MilEME09

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I didn't include thunder bay as Ontario because 38 CBG is mainly in the prairies. 32 and 33CBG are all in Ontario. If 38 can command units across 2.5 province's, then we should be able to merge 32 and 33 no problem. Along with about half of its units, The GTA doesn't need 6 Infantry units all sitting at company strength, reduce 4 to null strength, rebadge every one into the remaining two. Now you have two regiments with 3 full companies and a HQ. Same for other units, distance is not a problem if you are willing to find solutions.

Of course people won't want to loose their regiment but it happens, just ask 2 RCR, they were the Black watch until rebadged in the 50s.
 

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MilEME09 said:
I didn't include thunder bay as Ontario because 38 CBG is mainly in the prairies. 32 and 33CBG are all in Ontario. If 38 can command units across 2.5 province's, then we should be able to merge 32 and 33 no problem. Along with about half of its units, The GTA doesn't need 6 Infantry units all sitting at company strength, reduce 4 to null strength, rebadge every one into the remaining two. Now you have two regiments with 3 full companies and a HQ. Same for other units, distance is not a problem if you are willing to find solutions.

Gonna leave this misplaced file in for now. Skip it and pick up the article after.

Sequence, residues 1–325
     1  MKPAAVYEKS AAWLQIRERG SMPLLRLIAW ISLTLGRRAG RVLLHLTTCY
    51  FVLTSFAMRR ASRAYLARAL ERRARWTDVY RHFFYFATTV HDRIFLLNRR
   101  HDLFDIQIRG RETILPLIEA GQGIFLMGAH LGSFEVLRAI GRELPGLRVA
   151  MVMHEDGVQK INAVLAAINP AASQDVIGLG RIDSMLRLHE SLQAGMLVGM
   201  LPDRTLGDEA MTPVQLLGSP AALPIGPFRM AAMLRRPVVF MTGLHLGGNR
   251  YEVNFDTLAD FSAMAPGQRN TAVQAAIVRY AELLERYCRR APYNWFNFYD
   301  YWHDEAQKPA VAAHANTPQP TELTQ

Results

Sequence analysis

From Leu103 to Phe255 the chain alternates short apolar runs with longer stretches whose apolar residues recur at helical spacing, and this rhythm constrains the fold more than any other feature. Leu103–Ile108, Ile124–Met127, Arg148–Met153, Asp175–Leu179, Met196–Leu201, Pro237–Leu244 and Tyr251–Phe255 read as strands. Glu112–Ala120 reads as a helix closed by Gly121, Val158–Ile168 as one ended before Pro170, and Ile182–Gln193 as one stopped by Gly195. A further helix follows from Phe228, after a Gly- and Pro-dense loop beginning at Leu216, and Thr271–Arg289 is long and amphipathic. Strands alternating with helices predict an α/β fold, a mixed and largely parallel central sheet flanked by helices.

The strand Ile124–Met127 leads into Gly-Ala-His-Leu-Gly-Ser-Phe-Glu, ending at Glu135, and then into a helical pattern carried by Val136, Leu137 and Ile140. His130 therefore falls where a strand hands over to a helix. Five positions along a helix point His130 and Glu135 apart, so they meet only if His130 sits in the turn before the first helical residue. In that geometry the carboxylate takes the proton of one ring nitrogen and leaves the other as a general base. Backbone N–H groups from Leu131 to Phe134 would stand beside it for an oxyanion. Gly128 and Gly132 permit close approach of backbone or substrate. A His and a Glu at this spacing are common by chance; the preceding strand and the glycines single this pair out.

Of course people won't want to loose their regiment but it happens, just ask 2 RCR, they were the Black watch until rebadged in the 50s.

You're completely forgetting 31 CBG. One of the major reasons for having locations spread across the Province is recruiting. You start cutting locations we are going to see a decrease in recruiting as large areas of the Province would no longer have a presence. Sure, you'll find some people willing to drive  two or three hours once a week, we already have that in some cases. The reality of the situation is that the reserves is now more than a one night a week, one weekend a month commitment. You add in extra tasks units are given, public affairs, add in Battle School commitments (some units contribute more than others), exercises with the reg force, which seems to happen three or four times a year at least. Over all it's not uncommon for a number of troops to have 10 to 15 Class A days a month. Some people live of Class A September to January and then off Class B with Battle School the rest of the year. We would end up losing many of these people if they had to commute 4 to 6 hours every single day.
 

MilEME09

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Kilted said: